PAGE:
I don’t see this as the latest feminist revolt but simply women standing up and saying “you know what, enough now”. Which is exactly what has been seen with the recent #metoo campaign. I call that empowerment not feminism, that’s women letting other women know that they’re not alone in their experiences, and what it has worryingly done has highlight how widespread and common the problem really is.
It must come as quite a shock to most. Many women, myself included, have come to accept that certain behaviour was just part of being a woman, just one of those things maybe that you had to accept, not from being submissive, but just ignoring and turning a blind eye because it was just one of those things that you could do nothing about.
Positions of Power
What does need to change is people in perceived ‘positions of power’ thinking they can behave exactly how they like away from their homes and places of business, sometimes just being away from their homes, for the simple reason that they see having money or political advantage as a bargaining tool.
This perceived power can be incredibly intimidating for people further down the ‘food chain’, and in particular young impressionable women who may not have the same level of wisdom and confidence as their older counterparts.
Thankfully, the majority of people I know would not mistreat another person in a way that could be seen as being coerced, harassed or intimidated. My personal experiences have always arisen when I’ve been in a competitive and toxic environment of power and money, so something needs to give.
The good thing that’s emerging from recent events is that it is driving both genders to engage in debate and discussion. Like EventHuddle this morning men and women are now starting to sit down in the same forums to discuss these matters, and that can only be a good thing that needs to continue and happen more and more often.
I’ve never been a big fan of female or male only initiatives, events and forums, as I believe wholeheartedly that in order to resolve any conflict resolution and drive inclusiveness, openness and honesty you need both parties present at the table.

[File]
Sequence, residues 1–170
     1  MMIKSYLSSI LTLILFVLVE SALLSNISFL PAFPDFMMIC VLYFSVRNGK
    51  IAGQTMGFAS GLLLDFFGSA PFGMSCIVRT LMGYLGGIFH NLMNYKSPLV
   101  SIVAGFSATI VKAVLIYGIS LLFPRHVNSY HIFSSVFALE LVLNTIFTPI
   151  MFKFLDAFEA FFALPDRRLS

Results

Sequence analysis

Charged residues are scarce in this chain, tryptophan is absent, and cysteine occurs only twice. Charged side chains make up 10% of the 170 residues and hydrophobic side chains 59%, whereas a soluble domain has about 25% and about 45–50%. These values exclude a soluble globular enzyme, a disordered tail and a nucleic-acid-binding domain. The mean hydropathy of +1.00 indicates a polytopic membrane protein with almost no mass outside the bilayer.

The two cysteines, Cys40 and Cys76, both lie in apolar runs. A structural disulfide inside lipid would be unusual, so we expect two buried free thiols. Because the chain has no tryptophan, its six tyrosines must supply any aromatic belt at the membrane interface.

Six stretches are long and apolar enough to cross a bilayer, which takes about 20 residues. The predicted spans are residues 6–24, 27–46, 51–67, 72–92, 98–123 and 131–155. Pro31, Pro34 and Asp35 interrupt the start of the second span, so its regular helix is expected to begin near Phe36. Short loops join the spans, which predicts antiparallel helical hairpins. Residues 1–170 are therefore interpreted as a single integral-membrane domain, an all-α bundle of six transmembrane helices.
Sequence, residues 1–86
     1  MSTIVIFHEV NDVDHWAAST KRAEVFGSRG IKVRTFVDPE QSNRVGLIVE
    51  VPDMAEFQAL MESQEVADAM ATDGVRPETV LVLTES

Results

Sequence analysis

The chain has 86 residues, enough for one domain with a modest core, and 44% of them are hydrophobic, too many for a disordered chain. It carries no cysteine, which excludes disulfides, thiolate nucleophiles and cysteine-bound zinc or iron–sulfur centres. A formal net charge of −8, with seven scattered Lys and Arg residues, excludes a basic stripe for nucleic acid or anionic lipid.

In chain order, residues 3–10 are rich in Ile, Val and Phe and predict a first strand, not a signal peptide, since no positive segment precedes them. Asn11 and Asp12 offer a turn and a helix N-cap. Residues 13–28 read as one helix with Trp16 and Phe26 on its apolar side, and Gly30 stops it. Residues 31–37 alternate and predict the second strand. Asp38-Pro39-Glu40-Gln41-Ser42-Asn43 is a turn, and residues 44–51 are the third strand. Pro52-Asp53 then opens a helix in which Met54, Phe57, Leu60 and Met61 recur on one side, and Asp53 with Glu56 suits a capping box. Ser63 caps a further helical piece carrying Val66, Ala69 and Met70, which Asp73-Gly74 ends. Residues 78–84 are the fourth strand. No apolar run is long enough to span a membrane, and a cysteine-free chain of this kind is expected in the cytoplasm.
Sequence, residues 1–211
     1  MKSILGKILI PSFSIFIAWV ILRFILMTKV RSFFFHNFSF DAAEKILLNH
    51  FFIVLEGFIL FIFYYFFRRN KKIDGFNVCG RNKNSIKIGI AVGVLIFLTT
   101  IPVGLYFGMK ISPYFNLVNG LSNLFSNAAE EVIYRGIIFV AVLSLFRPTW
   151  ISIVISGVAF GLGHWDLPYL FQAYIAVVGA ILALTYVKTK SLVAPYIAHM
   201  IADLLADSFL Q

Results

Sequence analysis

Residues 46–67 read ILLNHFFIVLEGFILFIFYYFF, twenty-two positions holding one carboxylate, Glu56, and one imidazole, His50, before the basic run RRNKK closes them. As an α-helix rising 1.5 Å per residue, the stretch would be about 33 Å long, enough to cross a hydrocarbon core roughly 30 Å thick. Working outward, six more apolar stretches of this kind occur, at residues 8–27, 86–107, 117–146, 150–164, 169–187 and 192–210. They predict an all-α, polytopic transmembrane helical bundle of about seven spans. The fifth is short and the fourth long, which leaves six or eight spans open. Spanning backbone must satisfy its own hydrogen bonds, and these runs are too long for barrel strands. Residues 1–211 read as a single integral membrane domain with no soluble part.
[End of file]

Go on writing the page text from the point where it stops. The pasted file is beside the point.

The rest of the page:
We need to continue talking and we need to start educating. It’s time for all family members, not just parents, whatever your role may be; aunty, uncle, grandfather, sister, to start speaking up about what is and is not acceptable behaviour, and we need to keep reminding ourselves of this; would you be happy if your daughter, wife, sister, mother, niece were the recipient?
The movement and events we’re seeing will not be the end of men and women being friends at work, dating their colleagues, flirting even, and you’ll still be able to take a colleague on a date, get married even, and here’s the important stuff – as long as you’re both consenting adults and whatever feeling or behaviour you may be exhibiting is reciprocated you can still do what the hell you like, as long as it is lawful that is.
It’s also important that a culture of blame does not begin and, for not really wanting to agree with the gentleman this morning but feel I must, that indeed we don’t get carried away.
Let’s continue having these conversations together sensibly and diplomatically, and let’s continue this really important debate so that men and women come up with satisfactory solutions and practices ‘together’.
It’s not the sole responsibility of men, nor women, nor employers even in regards to the behaviour of their employees, it’s the responsibility of all of us as a society.
I do wonder what Emmeline Pankhurst would have to say about it all.
2018 marks 100 years since, some not all, women received the right to vote in the UK. Sensationalised media headlines in response to all of this are not too dissimilar to those of the early 1900s. The same ridiculous statements and questions are still being seen; “the end of men”, “what will ‘they’ want next?”, “I won’t be able to talk to women at work now”, it’s all a bit ludicrous.
What women want, and rightly deserve, is to be treated equally, it’s as simple as that. No world domination, no downfall of men, just to be treated with dignity and respect and to live and work in an environment that’s free from harassment and intimidation.
Oh and whilst we’re there, maybe finally paying us the same salaries would be nice too!
Until next time #eventprofs…